Dr Harry Grindle: Chorister revered as a master in the field of church music
Dr Harry Grindle, who has died aged 77, was a well-known composer, organist and choir-master who made an immense contribution to church music in Northern Ireland and further afield.
He was born in Bangor and educated at a local primary school and later at Regent House School in Newtownards.
At the age of seven he joined the choir of Bangor Abbey and became head chorister.
He later became the organist in Shore Street Presbyterian Church in Donaghadee and then Willowfield Parish Church in Belfast.
Harry Grindle read French at Queen's University and the University of Strasbourg and later taught in London, where he pursued his musical studies with some of the most outstanding musicians of the day.
On his return to Northern Ireland in 1962, he was appointed organist of Bangor Parish Church and two years later he became organist and master of the choristers at St Anne's in Belfast, where he made an immense contribution to the musical life of the cathedral.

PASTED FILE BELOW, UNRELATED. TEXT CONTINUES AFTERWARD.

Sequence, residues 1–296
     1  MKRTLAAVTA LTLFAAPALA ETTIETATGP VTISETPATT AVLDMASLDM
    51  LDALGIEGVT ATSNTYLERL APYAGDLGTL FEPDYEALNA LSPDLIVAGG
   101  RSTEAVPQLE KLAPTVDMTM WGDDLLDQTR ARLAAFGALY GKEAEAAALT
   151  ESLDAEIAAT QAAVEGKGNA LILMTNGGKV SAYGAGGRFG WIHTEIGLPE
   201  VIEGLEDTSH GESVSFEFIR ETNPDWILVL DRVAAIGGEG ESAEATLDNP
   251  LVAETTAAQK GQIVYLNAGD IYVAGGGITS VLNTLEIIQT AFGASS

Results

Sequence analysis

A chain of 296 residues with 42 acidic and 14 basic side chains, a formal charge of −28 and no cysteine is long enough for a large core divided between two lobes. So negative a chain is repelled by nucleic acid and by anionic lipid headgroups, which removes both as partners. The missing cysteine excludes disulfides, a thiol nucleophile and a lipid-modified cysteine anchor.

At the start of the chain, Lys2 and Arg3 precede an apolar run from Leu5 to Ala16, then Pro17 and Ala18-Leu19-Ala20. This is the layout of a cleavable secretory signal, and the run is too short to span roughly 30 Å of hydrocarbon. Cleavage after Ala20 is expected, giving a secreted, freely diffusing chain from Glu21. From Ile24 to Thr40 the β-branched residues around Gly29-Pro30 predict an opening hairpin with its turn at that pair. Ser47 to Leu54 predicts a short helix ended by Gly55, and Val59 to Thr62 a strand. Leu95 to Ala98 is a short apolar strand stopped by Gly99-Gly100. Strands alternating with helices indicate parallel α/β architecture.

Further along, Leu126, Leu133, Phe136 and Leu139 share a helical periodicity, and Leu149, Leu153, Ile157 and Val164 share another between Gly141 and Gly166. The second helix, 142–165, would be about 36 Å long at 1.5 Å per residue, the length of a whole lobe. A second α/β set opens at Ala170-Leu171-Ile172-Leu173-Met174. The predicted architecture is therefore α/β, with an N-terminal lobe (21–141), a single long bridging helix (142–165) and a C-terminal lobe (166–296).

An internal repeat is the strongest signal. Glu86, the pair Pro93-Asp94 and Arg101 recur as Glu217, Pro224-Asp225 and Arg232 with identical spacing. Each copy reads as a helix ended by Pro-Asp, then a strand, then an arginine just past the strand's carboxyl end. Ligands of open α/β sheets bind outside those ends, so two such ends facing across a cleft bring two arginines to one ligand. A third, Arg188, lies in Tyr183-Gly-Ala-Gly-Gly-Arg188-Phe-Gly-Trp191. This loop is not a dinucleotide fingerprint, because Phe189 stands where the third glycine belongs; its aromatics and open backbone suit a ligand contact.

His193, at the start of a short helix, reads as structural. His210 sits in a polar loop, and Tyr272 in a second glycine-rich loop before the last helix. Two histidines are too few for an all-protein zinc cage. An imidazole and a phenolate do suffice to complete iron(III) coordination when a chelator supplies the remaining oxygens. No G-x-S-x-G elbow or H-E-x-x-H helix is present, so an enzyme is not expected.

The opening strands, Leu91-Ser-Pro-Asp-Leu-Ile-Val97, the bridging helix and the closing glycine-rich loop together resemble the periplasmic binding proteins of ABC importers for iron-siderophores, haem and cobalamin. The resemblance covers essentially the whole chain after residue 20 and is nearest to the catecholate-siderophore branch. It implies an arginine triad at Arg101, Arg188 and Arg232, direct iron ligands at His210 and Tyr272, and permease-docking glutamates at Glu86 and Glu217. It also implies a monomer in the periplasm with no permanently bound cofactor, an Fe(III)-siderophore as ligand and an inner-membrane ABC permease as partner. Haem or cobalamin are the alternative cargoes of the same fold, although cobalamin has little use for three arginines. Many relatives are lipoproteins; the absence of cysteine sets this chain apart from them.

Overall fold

In 1975, he became a senior lecturer in music at Stranmillis College and during this time he graduated with a First in Music from Trinity College, Dublin, as well as earning a Masters from Queen's and a PhD from Trinity.
In 1986 he established the renowned Priory Singers and the choir gave many performances at home and overseas, including residencies at Hereford, Gloucester, Lincoln and Chichester cathedrals.
He was a noted composer and his hymn tune, Stranmillis, won a St Paul's Millennium competition and is currently included in the cathedral's hymnal. He was also the author of a definitive book on Irish cathedral music.
Dr Grindle was a deeply committed Christian and he received many honours, including an MBE, an associateship of the Royal School of Church Music and a Lambeth Doctorate in Music in 2005, which was awarded by the then Archbishop of Canterbury, Dr Rowan Williams.
He is survived by Heather, his wife for 45 years, by his daughters Hannah and Rachel and by his wider family and many friends.